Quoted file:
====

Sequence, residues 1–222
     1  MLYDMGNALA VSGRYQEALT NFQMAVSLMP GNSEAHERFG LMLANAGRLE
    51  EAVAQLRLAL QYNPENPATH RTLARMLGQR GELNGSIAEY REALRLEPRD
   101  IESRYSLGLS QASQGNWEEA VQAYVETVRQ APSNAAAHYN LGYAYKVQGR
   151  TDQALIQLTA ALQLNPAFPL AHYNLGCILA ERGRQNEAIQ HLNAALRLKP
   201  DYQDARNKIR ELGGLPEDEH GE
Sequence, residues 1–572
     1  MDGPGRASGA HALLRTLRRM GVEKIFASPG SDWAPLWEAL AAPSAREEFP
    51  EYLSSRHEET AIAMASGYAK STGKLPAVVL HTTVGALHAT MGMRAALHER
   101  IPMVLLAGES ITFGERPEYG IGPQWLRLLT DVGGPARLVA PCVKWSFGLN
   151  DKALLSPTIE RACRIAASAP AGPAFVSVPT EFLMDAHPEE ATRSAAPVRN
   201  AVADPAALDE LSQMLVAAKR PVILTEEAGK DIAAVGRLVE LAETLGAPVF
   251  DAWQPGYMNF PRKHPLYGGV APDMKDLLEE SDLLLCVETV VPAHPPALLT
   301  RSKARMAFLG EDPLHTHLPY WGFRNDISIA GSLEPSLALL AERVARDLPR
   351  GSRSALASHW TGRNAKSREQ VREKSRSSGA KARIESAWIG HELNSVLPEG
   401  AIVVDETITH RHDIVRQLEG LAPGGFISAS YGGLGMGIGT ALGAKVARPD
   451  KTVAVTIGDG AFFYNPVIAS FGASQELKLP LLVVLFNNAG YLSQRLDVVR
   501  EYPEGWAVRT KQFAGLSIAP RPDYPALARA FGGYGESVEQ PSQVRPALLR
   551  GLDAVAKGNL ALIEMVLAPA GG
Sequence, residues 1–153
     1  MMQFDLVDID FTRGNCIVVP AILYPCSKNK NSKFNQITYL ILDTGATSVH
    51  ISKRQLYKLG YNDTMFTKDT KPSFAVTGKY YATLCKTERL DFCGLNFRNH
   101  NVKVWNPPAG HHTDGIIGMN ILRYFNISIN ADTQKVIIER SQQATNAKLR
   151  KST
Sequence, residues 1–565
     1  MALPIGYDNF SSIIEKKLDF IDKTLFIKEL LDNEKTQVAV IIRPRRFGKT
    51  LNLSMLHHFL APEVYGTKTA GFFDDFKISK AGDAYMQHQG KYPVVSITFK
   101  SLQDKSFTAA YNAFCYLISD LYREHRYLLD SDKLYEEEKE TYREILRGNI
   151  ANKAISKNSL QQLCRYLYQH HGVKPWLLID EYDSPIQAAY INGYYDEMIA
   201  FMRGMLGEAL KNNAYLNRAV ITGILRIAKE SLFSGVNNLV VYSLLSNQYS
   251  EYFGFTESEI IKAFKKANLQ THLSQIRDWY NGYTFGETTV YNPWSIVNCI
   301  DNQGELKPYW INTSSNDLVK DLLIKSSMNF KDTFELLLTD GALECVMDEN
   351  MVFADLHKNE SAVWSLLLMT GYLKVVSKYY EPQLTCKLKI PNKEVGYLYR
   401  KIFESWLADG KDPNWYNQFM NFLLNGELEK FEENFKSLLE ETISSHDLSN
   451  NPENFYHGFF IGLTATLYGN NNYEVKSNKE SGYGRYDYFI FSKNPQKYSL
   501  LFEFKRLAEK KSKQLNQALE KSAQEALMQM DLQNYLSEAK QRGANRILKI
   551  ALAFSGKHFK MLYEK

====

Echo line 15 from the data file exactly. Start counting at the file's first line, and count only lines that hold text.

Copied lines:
   351  GSRSALASHW TGRNAKSREQ VREKSRSSGA KARIESAWIG HELNSVLPEG